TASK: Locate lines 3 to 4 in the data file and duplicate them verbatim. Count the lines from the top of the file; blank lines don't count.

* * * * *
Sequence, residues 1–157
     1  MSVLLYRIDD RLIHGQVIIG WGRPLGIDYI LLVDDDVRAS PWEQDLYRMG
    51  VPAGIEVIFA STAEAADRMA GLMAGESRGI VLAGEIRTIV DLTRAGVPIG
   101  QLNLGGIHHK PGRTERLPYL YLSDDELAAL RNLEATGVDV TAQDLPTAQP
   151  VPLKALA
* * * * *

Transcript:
    51  VPAGIEVIFA STAEAADRMA GLMAGESRGI VLAGEIRTIV DLTRAGVPIG
   101  QLNLGGIHHK PGRTERLPYL YLSDDELAAL RNLEATGVDV TAQDLPTAQP